I'm probably way more thrilled than is healthy that the #1 reason being cited for use of on-board storage is redundancy. This because I've felt it was THE only reason to use on-board storage--right now. Folks who say you can do away with centralized recording due to on-board storage are way off base. It's just not there yet and may never really make sense but for some edge cases. I'm assuming moderate to higher camera counts. I'm also assuming there exist requirements for VMS capabilities that often make a lot more sense when the aggregate recording is colocated with the VMS software rather than on the end of a wire and distributed across the LAN/WAN.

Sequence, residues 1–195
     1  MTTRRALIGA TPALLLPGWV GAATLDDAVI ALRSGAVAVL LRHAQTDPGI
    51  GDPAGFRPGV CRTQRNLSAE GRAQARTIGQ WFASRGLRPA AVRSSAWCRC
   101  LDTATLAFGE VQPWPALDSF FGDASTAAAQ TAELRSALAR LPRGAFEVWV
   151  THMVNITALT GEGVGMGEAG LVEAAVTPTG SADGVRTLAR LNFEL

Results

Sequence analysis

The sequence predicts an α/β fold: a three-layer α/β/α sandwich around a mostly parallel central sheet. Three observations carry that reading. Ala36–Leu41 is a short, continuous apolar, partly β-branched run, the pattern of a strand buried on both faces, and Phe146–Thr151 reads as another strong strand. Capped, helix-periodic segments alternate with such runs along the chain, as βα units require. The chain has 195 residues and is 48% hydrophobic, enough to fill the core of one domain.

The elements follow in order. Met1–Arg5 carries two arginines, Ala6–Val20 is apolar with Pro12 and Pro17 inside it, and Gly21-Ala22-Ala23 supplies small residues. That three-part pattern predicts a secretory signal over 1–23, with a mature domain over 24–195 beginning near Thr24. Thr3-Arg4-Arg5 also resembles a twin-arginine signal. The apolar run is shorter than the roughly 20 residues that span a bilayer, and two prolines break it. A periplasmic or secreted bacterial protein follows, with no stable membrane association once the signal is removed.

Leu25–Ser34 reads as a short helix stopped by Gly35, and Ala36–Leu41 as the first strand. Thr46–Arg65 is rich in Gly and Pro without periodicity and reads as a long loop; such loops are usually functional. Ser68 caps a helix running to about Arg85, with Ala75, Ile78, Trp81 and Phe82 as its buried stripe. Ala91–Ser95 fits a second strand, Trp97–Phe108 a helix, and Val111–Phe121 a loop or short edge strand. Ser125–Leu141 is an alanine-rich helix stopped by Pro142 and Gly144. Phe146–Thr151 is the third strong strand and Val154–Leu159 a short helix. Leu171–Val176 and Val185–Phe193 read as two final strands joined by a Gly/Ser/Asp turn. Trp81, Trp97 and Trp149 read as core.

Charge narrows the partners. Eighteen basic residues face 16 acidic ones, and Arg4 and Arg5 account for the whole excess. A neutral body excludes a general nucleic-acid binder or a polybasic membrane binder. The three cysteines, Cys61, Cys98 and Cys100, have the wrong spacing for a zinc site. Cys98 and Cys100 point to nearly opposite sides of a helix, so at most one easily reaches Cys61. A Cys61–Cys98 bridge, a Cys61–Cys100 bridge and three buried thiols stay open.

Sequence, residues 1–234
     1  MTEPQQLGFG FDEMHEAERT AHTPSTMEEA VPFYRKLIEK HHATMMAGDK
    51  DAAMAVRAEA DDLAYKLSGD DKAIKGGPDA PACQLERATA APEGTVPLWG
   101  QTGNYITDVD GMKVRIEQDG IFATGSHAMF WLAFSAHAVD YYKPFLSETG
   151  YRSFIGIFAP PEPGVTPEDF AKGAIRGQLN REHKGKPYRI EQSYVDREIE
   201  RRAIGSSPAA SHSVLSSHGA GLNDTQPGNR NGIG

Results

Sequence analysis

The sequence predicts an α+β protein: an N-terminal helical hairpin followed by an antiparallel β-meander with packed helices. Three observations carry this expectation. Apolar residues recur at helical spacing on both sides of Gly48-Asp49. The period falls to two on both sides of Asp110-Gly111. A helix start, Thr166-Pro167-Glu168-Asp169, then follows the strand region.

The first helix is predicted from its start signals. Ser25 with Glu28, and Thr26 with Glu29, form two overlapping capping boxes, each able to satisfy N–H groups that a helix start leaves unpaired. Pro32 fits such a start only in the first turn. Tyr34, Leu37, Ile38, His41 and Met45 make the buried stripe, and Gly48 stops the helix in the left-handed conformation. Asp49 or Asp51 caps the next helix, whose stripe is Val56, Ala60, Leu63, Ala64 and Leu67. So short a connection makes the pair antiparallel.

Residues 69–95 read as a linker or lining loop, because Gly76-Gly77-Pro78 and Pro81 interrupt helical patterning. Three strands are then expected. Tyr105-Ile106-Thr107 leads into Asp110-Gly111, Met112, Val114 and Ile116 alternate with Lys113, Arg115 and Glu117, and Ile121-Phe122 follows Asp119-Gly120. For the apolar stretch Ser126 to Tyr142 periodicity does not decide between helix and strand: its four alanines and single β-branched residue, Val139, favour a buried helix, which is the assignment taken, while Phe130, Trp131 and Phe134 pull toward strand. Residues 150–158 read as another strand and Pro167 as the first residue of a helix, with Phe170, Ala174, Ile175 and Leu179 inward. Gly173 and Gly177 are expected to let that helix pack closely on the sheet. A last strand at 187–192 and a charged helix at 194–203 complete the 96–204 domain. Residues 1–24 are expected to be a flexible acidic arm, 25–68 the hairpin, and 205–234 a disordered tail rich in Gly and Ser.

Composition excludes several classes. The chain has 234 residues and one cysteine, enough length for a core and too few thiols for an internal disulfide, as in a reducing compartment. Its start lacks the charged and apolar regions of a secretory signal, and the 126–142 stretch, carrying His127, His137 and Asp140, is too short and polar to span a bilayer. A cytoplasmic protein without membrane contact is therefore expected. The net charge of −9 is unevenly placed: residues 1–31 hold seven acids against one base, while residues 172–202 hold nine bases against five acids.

To seemlessly support the redundancy use case we've still got a lot of work to do. There's a big difference between a "store and forward" type model vs a streaming to recording type model. Even if the camera firmware is smart enough to use the local storage as a long-term buffer, there's quite a bit of complexity around how to handle getting that video to the recorder when the network comes back, etc. It can be done, but as the cons point out there's going to be a lot of incompatibility issues between on-board storage and other components of the system for some time.
For now I suspect people are buying relatively cheap insurance by letting the camera record locally *and* to a central recorder so they have something on the camera even if the network is down or the recorder blows up. This can be a simple feature that makes good sense if we let it.